Attachment is a curious thing.
Humans get attached to all sorts of things, and it’s a driving force which can cause us to completely neglect our health and well-being.
Part of the reason for this is because in order to attach ourselves to something, we must inherently give up a part of ourselves to accomodate for this new-found appreciation.
Perhaps we decide to neglect our daily mental health routine because we feel more drawn towards placing our efforts and attentions on our attachment, as opposed to ourselves.
Perhaps we decide to give up on our recovery because of the self-limiting beliefs we hold onto, which prevent us from truly moving on.
And of course, we justify it by saying that our attachment is in fact a part of ourselves, when really that's just a convenient excuse to continue pursuing our obsessions.
A common example of this is when people decide to forgo their daily meditation because they deem that they’re “too busy” to meditate, even though there’s arguably nothing more important than maintaining our mental health.
In other cases, people simply decide to continue playing video games well-beyond their designated bedtime, because they’re too attached to their in-game progressions.
Ultimately, attachment is the exact opposite of what it means to be truly free and indepedent, and when we get trapped within these cycles of attachment it can be very difficult to function at all.
Certainly, part of the battle is that many people haven’t experienced this kind of independence before, but I assure you that once you do, you’ll never want to go back.
We may get attached to simple objects, such as gifts or presents we received as a child. It may be to other people, such as our friends and loved ones. On a more conceptual level, we may even be attached to things like our attitudes and insecurities.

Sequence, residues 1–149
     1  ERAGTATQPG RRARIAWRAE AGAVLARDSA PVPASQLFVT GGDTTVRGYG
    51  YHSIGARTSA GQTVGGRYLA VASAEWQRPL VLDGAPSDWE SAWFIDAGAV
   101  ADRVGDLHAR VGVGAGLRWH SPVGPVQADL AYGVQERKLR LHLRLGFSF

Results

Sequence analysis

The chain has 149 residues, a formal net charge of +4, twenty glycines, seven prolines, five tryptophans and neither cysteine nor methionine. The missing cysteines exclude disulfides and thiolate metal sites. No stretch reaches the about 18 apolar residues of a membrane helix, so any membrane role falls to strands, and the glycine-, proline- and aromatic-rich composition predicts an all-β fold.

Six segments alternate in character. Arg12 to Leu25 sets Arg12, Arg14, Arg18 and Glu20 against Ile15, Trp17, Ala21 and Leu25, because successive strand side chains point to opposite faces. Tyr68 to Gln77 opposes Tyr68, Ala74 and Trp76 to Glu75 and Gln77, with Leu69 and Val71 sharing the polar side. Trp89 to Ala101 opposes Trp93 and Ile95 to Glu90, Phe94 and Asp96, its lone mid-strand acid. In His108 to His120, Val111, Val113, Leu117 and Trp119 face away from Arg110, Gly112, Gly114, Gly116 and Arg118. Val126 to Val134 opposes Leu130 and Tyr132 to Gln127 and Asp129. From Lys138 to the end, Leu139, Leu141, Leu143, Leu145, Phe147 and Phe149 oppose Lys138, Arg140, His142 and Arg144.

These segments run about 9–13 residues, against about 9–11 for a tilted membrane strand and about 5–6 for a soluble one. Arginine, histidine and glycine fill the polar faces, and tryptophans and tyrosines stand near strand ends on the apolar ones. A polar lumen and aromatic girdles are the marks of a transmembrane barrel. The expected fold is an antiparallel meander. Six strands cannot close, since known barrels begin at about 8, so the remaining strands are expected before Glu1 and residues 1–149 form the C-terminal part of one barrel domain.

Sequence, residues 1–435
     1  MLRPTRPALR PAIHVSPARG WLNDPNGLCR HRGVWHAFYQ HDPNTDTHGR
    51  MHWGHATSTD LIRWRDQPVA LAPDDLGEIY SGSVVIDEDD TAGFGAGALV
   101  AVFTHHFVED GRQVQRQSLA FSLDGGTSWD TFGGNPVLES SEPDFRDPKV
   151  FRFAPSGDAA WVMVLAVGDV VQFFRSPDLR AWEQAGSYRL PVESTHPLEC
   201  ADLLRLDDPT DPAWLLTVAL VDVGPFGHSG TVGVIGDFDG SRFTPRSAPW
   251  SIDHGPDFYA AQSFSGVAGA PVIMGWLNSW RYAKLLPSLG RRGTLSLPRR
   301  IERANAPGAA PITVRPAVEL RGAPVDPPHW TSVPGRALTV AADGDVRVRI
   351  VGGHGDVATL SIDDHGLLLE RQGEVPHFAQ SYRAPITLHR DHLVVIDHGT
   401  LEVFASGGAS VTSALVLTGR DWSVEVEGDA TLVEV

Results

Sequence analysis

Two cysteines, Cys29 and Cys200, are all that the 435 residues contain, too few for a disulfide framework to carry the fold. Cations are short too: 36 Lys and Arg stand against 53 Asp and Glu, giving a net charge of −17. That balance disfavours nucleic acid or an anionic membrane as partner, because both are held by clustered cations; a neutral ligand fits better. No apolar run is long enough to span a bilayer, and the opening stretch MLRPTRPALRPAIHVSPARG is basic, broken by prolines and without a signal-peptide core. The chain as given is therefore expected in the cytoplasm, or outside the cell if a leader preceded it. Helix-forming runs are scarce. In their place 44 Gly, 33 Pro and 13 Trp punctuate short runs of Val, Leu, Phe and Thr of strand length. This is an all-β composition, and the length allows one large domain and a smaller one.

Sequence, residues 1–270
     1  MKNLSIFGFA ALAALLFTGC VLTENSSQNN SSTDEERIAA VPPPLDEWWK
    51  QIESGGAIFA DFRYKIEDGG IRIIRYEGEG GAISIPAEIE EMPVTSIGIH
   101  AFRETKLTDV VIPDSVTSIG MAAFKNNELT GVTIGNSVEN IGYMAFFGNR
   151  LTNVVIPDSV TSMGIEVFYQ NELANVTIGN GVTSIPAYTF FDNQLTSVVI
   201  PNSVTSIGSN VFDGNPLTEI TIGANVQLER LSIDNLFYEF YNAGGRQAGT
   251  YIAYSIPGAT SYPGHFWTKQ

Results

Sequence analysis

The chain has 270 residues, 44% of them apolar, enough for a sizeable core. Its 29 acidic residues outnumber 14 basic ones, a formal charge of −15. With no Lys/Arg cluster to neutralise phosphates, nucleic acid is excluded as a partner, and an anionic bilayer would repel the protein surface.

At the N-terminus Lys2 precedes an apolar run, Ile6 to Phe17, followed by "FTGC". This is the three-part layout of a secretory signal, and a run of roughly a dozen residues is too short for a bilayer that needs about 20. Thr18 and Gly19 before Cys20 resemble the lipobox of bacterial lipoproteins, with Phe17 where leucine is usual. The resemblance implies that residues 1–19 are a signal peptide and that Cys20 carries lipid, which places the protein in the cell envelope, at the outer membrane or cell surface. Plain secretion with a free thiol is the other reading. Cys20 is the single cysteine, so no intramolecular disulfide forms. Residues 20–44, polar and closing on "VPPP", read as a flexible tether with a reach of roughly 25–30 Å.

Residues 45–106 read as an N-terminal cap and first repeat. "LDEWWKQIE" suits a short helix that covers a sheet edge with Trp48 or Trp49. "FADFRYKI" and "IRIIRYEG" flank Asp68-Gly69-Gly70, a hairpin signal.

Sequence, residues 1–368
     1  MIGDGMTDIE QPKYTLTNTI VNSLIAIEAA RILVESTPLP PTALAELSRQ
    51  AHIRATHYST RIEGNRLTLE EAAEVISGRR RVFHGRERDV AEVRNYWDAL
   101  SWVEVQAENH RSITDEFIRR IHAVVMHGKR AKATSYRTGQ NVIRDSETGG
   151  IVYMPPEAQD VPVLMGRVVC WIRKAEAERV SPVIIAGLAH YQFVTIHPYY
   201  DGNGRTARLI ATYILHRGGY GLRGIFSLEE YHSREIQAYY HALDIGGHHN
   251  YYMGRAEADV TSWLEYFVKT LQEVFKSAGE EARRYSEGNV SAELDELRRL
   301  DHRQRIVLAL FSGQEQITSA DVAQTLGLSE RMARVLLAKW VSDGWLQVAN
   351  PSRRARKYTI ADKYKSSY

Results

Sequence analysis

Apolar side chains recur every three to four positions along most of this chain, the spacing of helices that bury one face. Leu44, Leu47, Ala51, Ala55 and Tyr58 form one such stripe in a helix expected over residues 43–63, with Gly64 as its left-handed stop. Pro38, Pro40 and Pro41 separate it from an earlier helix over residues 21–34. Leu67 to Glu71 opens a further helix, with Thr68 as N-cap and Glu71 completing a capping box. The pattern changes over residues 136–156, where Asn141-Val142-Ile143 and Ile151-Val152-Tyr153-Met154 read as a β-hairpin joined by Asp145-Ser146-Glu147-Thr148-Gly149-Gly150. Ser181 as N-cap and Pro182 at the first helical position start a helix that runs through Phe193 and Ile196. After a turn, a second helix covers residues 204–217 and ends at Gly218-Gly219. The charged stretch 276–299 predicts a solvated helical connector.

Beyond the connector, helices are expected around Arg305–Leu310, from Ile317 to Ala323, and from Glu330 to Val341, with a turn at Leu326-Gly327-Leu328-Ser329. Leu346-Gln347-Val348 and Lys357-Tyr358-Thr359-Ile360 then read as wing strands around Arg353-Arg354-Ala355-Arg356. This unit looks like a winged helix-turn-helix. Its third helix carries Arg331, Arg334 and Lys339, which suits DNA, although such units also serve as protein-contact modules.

Regardless of what you may be attached to, what we are trying to do with this exercise is understand why we get attached, as well as help identify that feeling of attachment associated with these objects.
Which is to say that while we may know why we are attached, if we cannot identify that feeling of attachment then we're not painting a complete picture of what's actually going on.
Now, there’s a very important reason why we’re focusing on attachment today.
On a very fundamental level, NeverFap Deluxe is all about maintaining balance and it’s almost impossible to maintain balance if we’re also attached to things which disturb that balance.
In fact, any kind of attachment by definition prevents us from maintaining balance because we’re no longer acting out of principle, so much as we’re pursuing our emotions out of desire.
Desire which may not reflect what we hope to achieve with our mental health, let alone with what we may hope to achieve in life.
On the flipside, this also signifies the importance of learning to let go and why letting go is a truly fundamental part of the recovery process.
First as a point of observation, then later as a point of change when you begin practicing meditation and participating in other awareness exercises.
So you’ll be better equiped to dissolve what you’re thinking and feeling, as a simple matter of principle rather than out of circumstance.
I mean, wouldn’t that be awesome. To be able to simply let go of the frustration or sadness you feel within any moment, and simply return back to the present moment?
Well, with practice you can.
I want you to list a number of objects in your life you’re attached to, as well as a number of objects which you feel you aren’t attached to.
It can be plain objects, people or even beliefs.
To provide an example, one object which I’m personally attached to is my laptop stand. I carry it around with me everywhere, and for me it signifies a large part of who I am, in terms of my commitment to my physical and mental health.
Another object I’m attached to my green jacket. It’s the same green jacket I wear every single day, and it represents a large part of my identity.
On a more conceptual level, I’m quite attached to my work. Far more than anything else in life. My work is what gives me purpose and meaning, and I couldn’t imagine living without it.
And a large part of this exercise is to help you become more aware of those things which you need to work on.
In my case, this primarily means making a conscious effort to control my relationship with work and set healthy boundaries, so I can maintain balance in my life.
I find it can really help to simply think about your present situation, rather than try and think back to childhood, but certainly do what works for you.
If you’re struggling with this exercise, then that’s okay. In most cases it’s because this is something you’ve probably never done before.
However that’s also why it’s a great exercise, because we’re learning to think consciously about who we are, which is a skill which will help us approach anything in life with confidence.